Zeekoevlei AFR-17

Riparian Nation(s) South Africa
Surface Area 3 km2 Mean Depth 1.9 m Volume 0.005 km3
Shoreline 12.6 km Catchment Area 80 km2 Residence Time 0.24 yr
Frozen Period None Mixing Type Polymictic Morphogenesis/Dam
Related Info/Site


Zeekoevlei is the largest (256 ha) freshwater lake in South Africa, situated on the Cape Flats near Cape Town in the Western Cape Province. The Cape Flats are a low-lying, sandy region which was originally submerged beneath the sea and which separate the mountainous Cape Peninsula from the mainland. The prevailing climate is a Mediterranean, winter-rainfall type. Zeekoevlei is an important regional recreational venue. The lake is a shallow (mean depth 1.9 m), polymictic and hyper-eutrophic urban-impacted system, which has year-round non-limiting concentrations of nitrogen and phosphorus, with mean annual value of 3.6 and 0.55 mg l-1 respectively. Nutrient loading from the catchment occurs during the winter via the Big and Little Lotus Rivers. Of these, the Big Lotus River delivers in excess of 80% of the annual hydraulic flow, and non-point source catchment pollution results in mean annual concentrations of 2.2 mg l-1 N and 0.64 mg l-1 P in this influent water. The lake overflows only during the winter into a canal leading to the sea. Lake levels fluctuate by an average of 0.5 m between winter and summer.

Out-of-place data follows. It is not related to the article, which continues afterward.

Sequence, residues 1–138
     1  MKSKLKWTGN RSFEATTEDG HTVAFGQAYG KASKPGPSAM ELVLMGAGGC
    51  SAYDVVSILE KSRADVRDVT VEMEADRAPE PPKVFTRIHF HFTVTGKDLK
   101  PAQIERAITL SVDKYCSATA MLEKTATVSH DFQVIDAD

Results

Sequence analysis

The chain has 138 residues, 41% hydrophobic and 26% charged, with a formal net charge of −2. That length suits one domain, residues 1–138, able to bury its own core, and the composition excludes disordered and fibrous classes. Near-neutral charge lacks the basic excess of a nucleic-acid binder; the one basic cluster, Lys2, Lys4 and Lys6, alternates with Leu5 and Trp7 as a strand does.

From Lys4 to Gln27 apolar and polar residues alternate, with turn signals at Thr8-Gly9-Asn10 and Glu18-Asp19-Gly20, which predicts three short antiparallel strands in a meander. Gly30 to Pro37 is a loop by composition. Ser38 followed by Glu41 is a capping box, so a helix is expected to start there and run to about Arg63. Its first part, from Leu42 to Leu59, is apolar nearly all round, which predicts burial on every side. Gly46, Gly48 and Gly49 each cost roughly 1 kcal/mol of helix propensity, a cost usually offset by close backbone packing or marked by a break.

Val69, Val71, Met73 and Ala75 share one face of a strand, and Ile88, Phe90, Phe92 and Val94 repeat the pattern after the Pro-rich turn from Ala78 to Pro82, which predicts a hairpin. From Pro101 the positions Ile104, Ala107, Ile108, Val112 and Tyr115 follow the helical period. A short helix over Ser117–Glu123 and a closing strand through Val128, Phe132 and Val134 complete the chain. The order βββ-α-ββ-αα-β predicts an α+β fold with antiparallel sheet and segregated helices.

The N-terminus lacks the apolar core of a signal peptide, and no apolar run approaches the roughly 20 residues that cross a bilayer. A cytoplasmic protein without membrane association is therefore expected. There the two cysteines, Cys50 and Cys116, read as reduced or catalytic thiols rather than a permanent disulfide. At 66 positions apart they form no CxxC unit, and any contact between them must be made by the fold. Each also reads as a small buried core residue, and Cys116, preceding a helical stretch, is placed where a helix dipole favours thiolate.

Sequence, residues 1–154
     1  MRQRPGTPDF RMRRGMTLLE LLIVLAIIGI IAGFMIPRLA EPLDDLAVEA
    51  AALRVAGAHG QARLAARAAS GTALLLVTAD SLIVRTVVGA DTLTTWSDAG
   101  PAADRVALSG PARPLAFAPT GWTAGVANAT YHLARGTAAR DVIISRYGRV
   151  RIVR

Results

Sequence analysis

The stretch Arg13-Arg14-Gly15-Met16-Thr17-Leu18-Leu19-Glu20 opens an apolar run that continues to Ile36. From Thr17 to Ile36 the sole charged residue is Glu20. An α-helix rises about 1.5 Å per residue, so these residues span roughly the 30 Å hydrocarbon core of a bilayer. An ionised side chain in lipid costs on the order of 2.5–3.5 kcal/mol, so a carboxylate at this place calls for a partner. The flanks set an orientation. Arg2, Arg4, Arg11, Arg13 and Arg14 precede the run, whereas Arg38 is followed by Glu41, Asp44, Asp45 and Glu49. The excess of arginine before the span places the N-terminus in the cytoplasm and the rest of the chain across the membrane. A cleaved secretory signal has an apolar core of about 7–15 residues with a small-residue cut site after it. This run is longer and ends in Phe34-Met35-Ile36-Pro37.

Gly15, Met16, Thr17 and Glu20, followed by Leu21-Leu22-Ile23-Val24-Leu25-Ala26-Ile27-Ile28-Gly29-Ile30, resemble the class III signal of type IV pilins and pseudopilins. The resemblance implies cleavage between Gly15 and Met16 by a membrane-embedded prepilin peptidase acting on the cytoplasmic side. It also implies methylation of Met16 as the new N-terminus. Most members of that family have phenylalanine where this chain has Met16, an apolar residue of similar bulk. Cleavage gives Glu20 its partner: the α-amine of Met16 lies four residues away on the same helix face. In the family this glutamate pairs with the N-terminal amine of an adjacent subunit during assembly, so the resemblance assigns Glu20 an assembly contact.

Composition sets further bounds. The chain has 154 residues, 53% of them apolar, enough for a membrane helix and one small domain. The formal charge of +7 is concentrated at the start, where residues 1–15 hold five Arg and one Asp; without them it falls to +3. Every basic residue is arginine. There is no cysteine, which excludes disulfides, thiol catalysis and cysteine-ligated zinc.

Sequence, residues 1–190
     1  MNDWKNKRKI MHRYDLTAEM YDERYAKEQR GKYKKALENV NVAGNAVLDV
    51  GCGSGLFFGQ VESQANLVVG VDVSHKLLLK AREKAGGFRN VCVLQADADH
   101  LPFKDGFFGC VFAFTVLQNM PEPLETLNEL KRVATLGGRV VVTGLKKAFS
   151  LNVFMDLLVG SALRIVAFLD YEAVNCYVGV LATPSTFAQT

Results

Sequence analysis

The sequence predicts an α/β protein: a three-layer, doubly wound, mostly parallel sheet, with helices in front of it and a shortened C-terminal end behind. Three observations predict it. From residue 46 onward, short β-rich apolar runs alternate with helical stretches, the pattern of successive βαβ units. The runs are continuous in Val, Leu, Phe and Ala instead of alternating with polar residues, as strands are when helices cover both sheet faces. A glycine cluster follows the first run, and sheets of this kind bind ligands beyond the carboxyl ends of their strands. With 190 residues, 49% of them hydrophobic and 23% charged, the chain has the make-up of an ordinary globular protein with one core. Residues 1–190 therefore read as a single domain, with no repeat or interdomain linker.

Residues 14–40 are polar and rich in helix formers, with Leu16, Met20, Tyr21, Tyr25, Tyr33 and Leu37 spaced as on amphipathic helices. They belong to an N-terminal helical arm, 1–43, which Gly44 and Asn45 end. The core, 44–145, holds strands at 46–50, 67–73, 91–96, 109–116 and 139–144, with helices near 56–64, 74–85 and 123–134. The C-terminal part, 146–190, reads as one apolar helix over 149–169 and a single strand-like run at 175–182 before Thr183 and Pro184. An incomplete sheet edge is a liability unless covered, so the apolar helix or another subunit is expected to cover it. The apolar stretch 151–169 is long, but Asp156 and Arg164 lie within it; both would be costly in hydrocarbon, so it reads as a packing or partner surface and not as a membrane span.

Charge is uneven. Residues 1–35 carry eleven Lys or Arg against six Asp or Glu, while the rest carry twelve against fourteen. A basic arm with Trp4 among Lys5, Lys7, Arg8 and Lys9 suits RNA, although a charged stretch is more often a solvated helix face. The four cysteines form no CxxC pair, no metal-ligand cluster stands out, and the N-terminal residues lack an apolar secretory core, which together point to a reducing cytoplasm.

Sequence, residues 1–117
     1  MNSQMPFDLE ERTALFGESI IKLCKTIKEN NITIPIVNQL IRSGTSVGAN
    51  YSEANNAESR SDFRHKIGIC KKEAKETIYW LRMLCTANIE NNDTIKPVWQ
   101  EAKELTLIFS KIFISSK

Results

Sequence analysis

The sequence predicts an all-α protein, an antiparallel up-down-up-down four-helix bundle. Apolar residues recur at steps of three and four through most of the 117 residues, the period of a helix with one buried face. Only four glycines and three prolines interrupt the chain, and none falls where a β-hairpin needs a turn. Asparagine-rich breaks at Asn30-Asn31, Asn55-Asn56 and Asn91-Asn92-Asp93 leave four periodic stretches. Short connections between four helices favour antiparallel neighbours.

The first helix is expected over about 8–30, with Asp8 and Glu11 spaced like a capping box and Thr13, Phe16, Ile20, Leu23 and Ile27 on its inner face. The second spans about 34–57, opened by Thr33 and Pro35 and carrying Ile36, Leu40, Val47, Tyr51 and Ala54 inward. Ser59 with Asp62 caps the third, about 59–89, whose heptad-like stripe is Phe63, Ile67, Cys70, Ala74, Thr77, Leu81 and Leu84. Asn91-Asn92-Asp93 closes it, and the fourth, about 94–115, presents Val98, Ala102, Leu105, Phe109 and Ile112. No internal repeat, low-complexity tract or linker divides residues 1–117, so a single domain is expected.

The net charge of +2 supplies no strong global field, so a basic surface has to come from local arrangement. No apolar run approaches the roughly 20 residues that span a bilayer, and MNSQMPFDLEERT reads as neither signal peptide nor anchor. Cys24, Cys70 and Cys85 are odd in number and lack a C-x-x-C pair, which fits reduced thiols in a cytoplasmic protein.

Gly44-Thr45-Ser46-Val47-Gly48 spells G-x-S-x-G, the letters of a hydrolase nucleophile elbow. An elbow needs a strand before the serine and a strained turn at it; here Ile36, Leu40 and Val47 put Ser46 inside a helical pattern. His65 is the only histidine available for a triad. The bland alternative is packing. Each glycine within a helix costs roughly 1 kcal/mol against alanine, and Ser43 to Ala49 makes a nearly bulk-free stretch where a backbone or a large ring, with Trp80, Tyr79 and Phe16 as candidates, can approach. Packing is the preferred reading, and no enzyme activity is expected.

The vlei is fringed by dense growth of the emergent aquatic macrophytes Typha capensis and The vlei contains no submerged macrophytes but is subject to isolated infestation by the floating water hyacinth, Eichhornia crassipes. Phytoplankton diversity is poor and the phytoplankton assemblage is dominated year round by the blue-green alga Microcystis. Growth of this alga completely masks the periodic characteristics of the sub-dominant taxa of Chlorophyta and Bacillariophyta. Typical mean annual chlorophyll a and Secchi disk transparencies are, respectively, 200 micro l-1 and 0.25 m. Maximal growth and water blooms of Microcystis are experienced during the spring.

The prolific growth of blue-green algae, coupled with restrictions of the natural hydraulic flushing of the lake as consequence of the construction of an outlet weir in 1948, have resulted in massive accumulations of organically rich sediments. These currently comprise 21% of the volume of the lake 1,100,000 m3, and are thought to play an integral role in the internal nutrient cycling and self-sustaining nature of the system during the dry summer season. Since 1990 Zeekoevlei has been the focus of a management investigation conducted by the Cape Town City Council to ascertain viable options for the lake's future rehabilitation (Q).

Photo of Zeekoevlei
Photo: W. R. Harding